Yours faithfully,

Mr JL Dutaut – teacher of politics and citizenship (until this week)


The secretary of state for education (and ministers’) Activity Passport

Being an entitlement of every person appointed to such a position, regardless of socioeconomic background, prior experience or political affiliation, to enrich their time in office and provide for the development of their full potential as democratic citizens, elected representatives and members of Her Majesty’s Government.

1.     Request and publish the full funding sources and interests of all thinktanks and lobbying organisations and persons proposing education policies.

2.     Decline to consider any policy from any organisation or person who doesn’t comply with the request.

3.     Visit one of your so-called "failing" schools.

4.     Visit another of your so-called "failing" schools.

5.     Keep visiting so-called "failing" schools until you find one you can genuinely say is failing from its own poor efforts rather than its community’s comorbid disadvantages.

6.     Give away one of your powers. (It doesn’t matter which. The exercise is the point.)

7.    

a.     Visit a primary school of your choice, unaccompanied – not your alma mater, not in your constituency, not by invitation, and not recommended by a friend or colleague.

b.     Do a break and a lunchtime duty with unpromoted teachers.

c.     Attend and support five timetabled lessons that day.

d.     Attend an after-school meeting or club;

e.     Read through all your red boxes for the next day.

8.     Repeat for a secondary school;

9.     Repeat for a Further Education college;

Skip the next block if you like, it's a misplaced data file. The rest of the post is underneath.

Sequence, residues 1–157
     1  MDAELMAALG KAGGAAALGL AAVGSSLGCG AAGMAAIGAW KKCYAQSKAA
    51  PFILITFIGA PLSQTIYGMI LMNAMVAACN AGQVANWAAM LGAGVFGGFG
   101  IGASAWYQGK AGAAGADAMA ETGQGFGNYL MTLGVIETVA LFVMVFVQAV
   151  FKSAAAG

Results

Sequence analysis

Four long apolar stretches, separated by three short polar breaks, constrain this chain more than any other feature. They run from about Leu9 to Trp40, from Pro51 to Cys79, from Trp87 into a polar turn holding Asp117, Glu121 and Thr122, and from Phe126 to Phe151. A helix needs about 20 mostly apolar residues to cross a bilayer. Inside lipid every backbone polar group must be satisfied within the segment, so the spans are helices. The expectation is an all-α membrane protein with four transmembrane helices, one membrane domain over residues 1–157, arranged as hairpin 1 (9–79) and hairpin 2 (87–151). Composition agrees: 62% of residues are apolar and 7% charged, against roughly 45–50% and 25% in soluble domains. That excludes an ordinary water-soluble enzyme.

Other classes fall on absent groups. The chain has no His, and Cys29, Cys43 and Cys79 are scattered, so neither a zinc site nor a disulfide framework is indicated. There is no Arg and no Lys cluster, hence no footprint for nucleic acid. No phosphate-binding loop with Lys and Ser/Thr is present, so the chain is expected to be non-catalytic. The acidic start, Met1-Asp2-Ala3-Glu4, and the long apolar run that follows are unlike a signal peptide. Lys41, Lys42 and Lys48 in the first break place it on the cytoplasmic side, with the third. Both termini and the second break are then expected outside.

10.   Repeat for a special school;

11.   Repeat for a Pupil Referral Unit;

12.   Repeat for an Early Years setting;

13.   Meet some home-schoolers;

14.   Become a school governor;

15.   Go undercover as a supply teacher on a supply teacher’s pay and conditions. (No, they won’t recognise you. Yes, really.)

16.  Work with a supply teaching agency for a day, taking calls from schools.

17.  Work with a school admin team for a day in a socioeconomically deprived area.

18.  Invite some teachers to a policy forum.

19.  Create a policy forum to invite teachers to.

20.  Hold a regular Twitter chat, #EducationSoS.

21.  Wait five years before declaring whether a policy has or hasn’t been a success.

22.  Announce that one of your own government’s policies hasn’t been a success, without caveats.

23.  Randomly select a representative panel of teachers who have recently left the profession and conduct their leaving interviews.

24.  Randomly select a representative panel of teachers who have recently joined the profession and listen to their views.

25.  Randomly select a representative panel of teachers with above-average length of service and listen to their views.

26.  Attend the All-Party Parliamentary Group for the teaching profession. (Yes, there is one. Yes, we know.)

27.  Collaborate with all the other Parliamentary parties on one policy with a 10-year horizon. (It doesn’t matter which. The exercise is the point.)

28.  Publicly hold yourself accountable for Progress 8 for the whole nation. (No? Why not?)

29.  Work for a day supporting the counsellors on the Education Support Partnership’s mental health helpline (08000 562 561, @edsupportuk.)